German Chancellor Angela Merkel is due in Washington for talks with US President Barack Obama and a speech before Congress two decades after the Berlin Wall fell. The trip will focus on issues including Afghanistan, Iran, and climate change.
AFP - German Chancellor Angela Merkel was due in Washington late Monday for a visit anchored on talks with President Barack Obama and a speech to the US Congress two decades after the Berlin Wall fell.
Merkel, making her first US trip since winning a second term in September, was to speak on the future of transatlantic ties and the demise of European communism days before Berlin marks the anniversary with November 9 festivities.
The chancellor was to meet with Obama early Tuesday before heading to the US Capitol to deliver her speech.
In her weekly podcast, Merkel called the invitation a "great honor" and said she would use the occasion to thank the United States for backing German unification in 1990 -- 11 months after the Wall's fall -- with "great enthusiasm and fondness."
Merkel, who grew up in communist East Germany, will be only the second German chancellor to address the US legislature, after Konrad Adenauer spoke to separate sessions of each chamber in 1957.
Beyond the pomp, the trip will focus on a range of strategic issues including Afghanistan, Iran, standards for financial market regulation and climate change, Merkel's spokesman Ulrich Wilhelm said.
The invitation, extended by House Speaker Nancy Pelosi, has largely silenced early media reports of chilly relations between Obama and Merkel, who enjoyed generally warm ties with his predecessor, George W. Bush.
But Josef Braml of the German Council on Foreign Relations in Berlin said Merkel would be naive to think the honor did not come at a price.
"It is a gesture where a service is expected in return: the German government should do more to help shoulder the burden of international commitments," notably in Afghanistan as Obama reassesses the US deployment.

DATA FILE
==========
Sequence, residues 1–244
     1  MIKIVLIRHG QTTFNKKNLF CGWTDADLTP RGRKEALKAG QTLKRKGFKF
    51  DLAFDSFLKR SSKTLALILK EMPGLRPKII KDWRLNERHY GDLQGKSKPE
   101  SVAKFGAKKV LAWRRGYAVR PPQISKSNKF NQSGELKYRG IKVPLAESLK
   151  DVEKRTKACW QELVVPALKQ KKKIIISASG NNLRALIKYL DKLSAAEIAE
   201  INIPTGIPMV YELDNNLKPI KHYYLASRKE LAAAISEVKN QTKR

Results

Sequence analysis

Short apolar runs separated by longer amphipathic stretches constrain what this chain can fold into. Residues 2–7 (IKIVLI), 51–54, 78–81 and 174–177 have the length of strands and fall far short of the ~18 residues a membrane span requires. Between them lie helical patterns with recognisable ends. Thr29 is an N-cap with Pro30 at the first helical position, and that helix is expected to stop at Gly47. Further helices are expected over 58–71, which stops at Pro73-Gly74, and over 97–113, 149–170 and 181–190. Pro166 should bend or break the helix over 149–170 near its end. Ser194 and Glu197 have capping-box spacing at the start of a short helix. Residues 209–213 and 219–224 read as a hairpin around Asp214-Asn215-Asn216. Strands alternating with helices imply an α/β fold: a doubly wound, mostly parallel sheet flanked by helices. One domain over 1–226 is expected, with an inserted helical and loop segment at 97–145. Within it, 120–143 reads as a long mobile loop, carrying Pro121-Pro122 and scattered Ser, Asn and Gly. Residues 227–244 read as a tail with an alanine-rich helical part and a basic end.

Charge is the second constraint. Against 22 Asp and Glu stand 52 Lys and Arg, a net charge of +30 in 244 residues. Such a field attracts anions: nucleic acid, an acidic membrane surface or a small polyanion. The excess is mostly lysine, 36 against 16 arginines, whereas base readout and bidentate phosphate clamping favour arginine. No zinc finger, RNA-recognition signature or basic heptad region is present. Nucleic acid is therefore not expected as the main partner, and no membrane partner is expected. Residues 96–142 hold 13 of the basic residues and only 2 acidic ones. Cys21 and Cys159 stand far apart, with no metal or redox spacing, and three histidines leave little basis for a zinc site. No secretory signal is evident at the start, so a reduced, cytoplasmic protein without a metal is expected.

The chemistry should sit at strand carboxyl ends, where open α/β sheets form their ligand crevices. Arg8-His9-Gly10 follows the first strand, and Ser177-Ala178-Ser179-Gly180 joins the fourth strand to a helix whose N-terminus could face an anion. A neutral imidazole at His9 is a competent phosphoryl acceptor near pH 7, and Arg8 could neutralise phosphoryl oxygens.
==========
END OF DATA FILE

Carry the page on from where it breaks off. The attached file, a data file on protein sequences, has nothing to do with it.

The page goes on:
With around 4,200 soldiers, Germany is currently the number-three supplier of foreign troops in the war-ravaged country after the United States and Britain.
Braml said now that the German election is over, Merkel was likely to face requests for more forces and training personnel for Afghanistan, more money to stabilize neighboring Pakistan, as well as firm backing for UN sanctions against Iran if it continues to pursue sensitive nuclear work.
Germany is one of Iran's top trading partners and one of six world powers working to settle the dispute with Tehran.
"The grace period is over -- now we need to deliver," Braml said, warning that a refusal risked greatly diminishing Berlin's influence in Washington.
Merkel, who leaned hard on Bush to make concessions on climate change, also aims to make headway ahead of the UN conference in Copenhagen in December where 192 countries will work toward an accord on reducing greenhouse gas emissions.
"It is not yet clear whether Copenhagen will be a success but the European Union and Germany in particular will push for us to achieve ambitious, forward-looking political resolutions," she said.
Obama's talks with Merkel come ahead of a EU-US summit Tuesday.
The chancellor is also seeking proof that the United States is serious about new market rules to head off future global financial crises.
"The international financial and economic crisis has not yet been surmounted and we have not yet ensured that such a crisis cannot repeat itself," she said.
"There is a lot of concern in Berlin that Washington will not be as rigorous in its pursuit of reforms and will return to old ways of oversight," said Jackson Janes, head of the American Institute for Contemporary German Studies in Washington.
Merkel's new foreign minister, Guido Westerwelle, was due to come to Washington on Thursday and hold talks with US Secretary of State Hillary Clinton, sources said.
Date created : 2009-11-03